Discovered in a catalogue of the late 1990s from the estimable dealer in autographs, David J Holmes, is a long description of a collection of holograph letters, typed letters, and post-cards from Charles Morgan (1894 – 1958 ), the English novelist and playwright who became a household name in the 30s and 40s. The price asked was $8,500.
Twenty years ago Morgan was out of fashion and unread, hence the relatively low price, which works out at about £18 a letter. In the same catalogue a letter of two pages from A. A. Milne would cost you $1,000, while one of similar length from Virginia Woolf is priced at $2,000. Today, while there will always be fans of Milne and Woolf, Morgan’s popularity has hardly improved, though apparently there are signs of a ‘revival ‘. However, in the world of literary biography quantity is everything. A single, if fascinating, letter from the creator of Pooh Bear would mean very little to a Milne biographer, and the same could be said for the Woolf letter.
However, anyone considering writing on Morgan and his times might have done well to shell out $8k to acquire these 156 signed handwritten letters, 58 signed typed letters two postcards together with several letters from his wife Hilda. Written to the couple’s close friends, Ronald Armstrong, a diplomat, and his wife Nellie, they cover most aspects of Morgan’s life and work in the period 1930 – 57, including his novels and dramatic pieces, his lectures, travel plans, dealings with publishers, printers and agents, his health and family matters.
Some extracts from the correspondence will give a flavour of the collection:
(28 Jan 1937)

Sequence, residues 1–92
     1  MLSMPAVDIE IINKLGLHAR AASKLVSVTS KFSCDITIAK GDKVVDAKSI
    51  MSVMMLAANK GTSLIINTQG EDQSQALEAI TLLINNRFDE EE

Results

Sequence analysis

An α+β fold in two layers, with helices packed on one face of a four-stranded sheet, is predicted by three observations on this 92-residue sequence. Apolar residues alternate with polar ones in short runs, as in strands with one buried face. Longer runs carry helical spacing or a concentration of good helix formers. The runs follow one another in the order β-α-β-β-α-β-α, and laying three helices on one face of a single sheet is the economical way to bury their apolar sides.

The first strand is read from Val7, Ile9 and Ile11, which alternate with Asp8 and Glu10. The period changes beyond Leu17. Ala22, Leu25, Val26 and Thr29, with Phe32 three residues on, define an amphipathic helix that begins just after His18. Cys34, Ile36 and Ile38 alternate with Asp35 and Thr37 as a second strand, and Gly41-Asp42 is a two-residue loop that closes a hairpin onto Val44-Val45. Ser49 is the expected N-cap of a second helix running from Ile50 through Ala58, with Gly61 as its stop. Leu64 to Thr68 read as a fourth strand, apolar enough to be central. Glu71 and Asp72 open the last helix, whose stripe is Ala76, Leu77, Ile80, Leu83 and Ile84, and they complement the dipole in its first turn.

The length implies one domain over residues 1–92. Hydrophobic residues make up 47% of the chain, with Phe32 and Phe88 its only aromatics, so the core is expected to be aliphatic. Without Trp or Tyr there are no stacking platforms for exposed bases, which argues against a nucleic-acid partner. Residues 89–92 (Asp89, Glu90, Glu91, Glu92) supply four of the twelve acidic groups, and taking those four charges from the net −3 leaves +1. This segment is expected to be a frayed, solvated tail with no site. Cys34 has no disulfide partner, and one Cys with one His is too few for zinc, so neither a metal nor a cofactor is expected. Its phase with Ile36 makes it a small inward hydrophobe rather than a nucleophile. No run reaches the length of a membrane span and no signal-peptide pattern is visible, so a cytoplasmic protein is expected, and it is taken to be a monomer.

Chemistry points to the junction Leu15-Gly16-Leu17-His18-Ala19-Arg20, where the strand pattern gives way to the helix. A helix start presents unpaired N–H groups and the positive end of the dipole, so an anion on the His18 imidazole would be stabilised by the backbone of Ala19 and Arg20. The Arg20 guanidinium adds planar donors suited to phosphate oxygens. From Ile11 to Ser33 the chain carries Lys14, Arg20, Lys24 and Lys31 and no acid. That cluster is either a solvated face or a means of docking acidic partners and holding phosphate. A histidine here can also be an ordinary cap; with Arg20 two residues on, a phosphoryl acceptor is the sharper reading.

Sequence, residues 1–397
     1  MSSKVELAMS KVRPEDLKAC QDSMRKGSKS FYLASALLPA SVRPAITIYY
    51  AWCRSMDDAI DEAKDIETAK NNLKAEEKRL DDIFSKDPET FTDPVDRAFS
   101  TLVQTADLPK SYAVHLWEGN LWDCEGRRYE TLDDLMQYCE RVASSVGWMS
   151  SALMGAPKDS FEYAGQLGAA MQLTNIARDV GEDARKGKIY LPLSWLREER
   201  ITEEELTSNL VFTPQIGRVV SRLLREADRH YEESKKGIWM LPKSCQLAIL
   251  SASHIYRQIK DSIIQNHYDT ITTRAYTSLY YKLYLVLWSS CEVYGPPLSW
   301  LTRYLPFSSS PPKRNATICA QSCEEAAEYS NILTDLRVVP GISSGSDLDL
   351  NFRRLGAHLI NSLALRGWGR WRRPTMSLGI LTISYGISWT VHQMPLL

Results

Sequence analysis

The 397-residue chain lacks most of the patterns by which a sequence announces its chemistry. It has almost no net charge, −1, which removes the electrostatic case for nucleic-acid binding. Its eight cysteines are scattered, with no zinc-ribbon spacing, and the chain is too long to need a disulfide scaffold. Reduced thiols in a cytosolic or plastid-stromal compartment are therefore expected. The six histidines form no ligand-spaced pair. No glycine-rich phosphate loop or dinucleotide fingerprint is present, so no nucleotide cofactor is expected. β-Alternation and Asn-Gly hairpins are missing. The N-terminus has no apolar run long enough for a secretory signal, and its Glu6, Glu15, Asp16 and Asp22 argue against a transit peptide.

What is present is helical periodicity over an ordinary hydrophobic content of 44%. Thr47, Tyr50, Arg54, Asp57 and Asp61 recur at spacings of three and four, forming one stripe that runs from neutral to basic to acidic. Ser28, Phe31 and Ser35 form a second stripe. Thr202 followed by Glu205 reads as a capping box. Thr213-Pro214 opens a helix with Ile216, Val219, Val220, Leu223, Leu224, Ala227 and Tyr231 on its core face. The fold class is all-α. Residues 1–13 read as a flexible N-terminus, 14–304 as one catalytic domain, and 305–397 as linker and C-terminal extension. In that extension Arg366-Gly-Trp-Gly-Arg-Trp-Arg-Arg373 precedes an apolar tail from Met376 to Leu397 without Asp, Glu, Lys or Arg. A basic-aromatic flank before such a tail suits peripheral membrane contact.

‘…Really, I owe you an apology for not having thanked you for taking me to the Vauschlarts. They are, in the great world—precisely the kind of people who seem to me valuable, by which suppose I mean people who have something inside them—apart from wealth or power or even intellect—that strikes on my box. There are many books, even good books that I put down after a few pages (Jane Austen for example) not because I condemn them, or even fail to admire them, but because they have nothing for me. So with people. ‘
(4 April 1947)
‘…How I wish L’Academie Francais would make me a Membre Correspondent. The one thing I should really like. However, the University of St Andrews is going to make me an Honorary Doctor of Laws, and the Vice Chancellor of Oxford has asked me to deliver next year’s Zakaroff—so life goes on, even if the French ( which I confess surprises me a little ) have produced since the war no official or academic recognition. Instead, they have given the Legion to Cyril Connolly! Phew! Did you know that he once translated Pean de Chagrin as Cloak of Suffering?’
I wonder if these letters were picked up by some University—perhaps the University of St Andrews. [R.M.Healey]